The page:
Sensibilização de profissionais do Programa Saúde da Família (PSF) para notificação de violência contra criança e adolescente: um estudo de caso
Bannwart, Thais Helena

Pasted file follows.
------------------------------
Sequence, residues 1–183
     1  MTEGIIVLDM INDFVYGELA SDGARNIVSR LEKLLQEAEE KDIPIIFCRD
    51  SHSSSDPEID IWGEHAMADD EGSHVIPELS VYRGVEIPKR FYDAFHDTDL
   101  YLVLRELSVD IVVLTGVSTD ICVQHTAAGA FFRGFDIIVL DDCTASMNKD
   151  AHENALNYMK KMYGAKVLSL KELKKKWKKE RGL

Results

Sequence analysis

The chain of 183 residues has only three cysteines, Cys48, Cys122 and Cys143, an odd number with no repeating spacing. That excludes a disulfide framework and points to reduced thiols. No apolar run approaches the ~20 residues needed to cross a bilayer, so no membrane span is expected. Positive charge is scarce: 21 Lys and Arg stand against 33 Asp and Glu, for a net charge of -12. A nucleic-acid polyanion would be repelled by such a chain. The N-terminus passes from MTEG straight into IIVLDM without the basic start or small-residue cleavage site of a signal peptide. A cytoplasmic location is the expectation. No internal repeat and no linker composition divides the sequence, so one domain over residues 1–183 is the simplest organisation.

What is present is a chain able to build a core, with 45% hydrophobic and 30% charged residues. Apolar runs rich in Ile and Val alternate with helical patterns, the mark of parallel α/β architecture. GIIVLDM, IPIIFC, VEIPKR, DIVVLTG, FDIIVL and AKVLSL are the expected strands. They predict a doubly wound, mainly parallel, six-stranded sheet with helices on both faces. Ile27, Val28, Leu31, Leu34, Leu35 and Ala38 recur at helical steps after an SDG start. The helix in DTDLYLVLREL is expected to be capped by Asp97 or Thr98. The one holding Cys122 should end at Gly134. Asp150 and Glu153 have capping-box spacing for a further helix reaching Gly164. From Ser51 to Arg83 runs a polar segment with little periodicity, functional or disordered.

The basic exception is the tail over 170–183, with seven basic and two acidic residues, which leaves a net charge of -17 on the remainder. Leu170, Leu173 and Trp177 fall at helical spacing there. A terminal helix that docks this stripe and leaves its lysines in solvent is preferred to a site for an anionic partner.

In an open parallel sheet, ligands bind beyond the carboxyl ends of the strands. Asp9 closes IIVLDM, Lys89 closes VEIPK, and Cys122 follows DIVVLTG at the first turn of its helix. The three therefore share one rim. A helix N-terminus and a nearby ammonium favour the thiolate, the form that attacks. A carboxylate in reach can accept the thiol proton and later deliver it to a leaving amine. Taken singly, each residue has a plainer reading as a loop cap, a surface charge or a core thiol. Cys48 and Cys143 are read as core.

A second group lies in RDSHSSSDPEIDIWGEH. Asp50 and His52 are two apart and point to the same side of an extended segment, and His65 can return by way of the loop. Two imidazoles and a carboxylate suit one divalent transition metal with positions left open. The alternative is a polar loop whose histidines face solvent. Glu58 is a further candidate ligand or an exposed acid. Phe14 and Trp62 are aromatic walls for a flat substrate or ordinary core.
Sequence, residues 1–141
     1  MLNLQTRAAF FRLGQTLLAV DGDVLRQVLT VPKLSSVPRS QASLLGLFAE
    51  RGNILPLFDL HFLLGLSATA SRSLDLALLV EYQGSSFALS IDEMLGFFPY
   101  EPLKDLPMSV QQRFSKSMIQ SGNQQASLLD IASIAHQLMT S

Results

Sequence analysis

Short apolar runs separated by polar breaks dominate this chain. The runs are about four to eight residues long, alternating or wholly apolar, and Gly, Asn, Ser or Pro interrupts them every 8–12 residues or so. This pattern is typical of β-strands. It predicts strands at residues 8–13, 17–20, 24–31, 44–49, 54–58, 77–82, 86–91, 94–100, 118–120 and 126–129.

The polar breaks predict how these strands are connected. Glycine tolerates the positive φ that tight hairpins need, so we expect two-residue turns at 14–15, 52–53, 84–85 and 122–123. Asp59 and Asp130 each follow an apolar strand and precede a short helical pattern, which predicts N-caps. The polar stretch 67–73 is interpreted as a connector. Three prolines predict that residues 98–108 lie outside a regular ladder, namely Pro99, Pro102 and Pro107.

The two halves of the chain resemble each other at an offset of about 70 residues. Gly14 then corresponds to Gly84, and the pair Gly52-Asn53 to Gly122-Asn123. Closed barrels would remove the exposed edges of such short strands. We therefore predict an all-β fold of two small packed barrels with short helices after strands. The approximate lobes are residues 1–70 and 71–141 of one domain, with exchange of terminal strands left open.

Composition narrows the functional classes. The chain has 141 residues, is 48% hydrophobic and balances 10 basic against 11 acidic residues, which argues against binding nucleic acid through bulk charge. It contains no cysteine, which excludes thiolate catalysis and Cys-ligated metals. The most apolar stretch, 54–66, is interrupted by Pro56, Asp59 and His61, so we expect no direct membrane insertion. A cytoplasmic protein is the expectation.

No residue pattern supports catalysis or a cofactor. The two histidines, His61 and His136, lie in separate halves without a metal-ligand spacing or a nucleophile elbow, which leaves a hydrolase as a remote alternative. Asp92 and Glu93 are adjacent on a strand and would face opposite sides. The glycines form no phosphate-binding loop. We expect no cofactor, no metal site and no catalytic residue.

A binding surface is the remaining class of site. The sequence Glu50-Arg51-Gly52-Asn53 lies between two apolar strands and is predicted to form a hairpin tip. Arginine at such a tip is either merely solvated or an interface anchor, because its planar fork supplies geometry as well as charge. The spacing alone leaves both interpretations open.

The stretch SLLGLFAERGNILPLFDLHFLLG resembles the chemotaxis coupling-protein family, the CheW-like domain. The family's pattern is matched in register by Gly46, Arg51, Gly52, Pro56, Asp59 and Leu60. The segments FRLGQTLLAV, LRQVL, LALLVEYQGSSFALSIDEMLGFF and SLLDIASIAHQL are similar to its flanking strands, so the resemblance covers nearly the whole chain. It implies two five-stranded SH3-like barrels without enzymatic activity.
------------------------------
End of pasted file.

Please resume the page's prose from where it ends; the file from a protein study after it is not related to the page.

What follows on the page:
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Studies show that when dealing with cases of abuse, health professionals have difficulties in identification and reporting. These difficulties are related to a gap on this topic on their professional training, the reproduction of cultural patterns of noninvolvement in matters concerning the family, the disbelief in the effectiveness of Child Protection Services, negative past experiences and other personal issues. Other studies have indicated the need for training programs for these professionals, pointing suggestions on what such program should contain, as well as its format, scope and professionals levels involved for this type of audience. The goal of this study was to raise awareness among professionals of the Family Health Program (PSF) about child abuse by developing, proposing and evaluating a training course to identify and report child maltreatment. The training was developed based on the guidelines described by the literature. The objectives of the training were that the professionals should be able to: a) identify the phenomenon of violence, b) identify the types of violence against children and adolescents, c) identify the signs and symptoms associated with such violence; d) identify risk and protective factors; e) analyze the myths surrounding the subject; f) analyse appropriate ways to approach victimized children; g) identify the Protective Network in the city; h) identify and analyze factors that promote resilience; i) establish a dialogue between staff and the agencies responsible for children and youth and j) correctly complete the reporting form. The study was approved by the University´s Ethics Committee. The study included two teams of reference from two distinct Family Health Units. Initially only team participed in the intervention group and a the second remained as control. The study took place in a mid size city of the State of São Paulo, Brazil. The training lasted 15 hours, divided into 10 alternative week meeting. At the end of the first intervention, the control group took part of the training, as well. Each team had 11 health professionals. The assessment instruments used were: Questionnaire on Hypothetical Cases, Child Maltreatment Evaluations in Pediatric Primary Care and Questionnaire on Family Violence against Children and Adolescents. After the health teams training a positive changes on the procedures adopted in a situation of suspected or confirmed child maltreatment, were found as well considering incresining to reporting to Protective Services. Moreover, according to participants evaluation, the training made them aware of the care involved in such cases, which went unnoticed before. In conclusion the training of health professionals to identify and report Protective Services cases of child abuse is an efficient way to maximize reporting behavior. It would be important to have Public Polities to improve services to children as a mean to prevent violence, as well as strengthening Child Protection Services.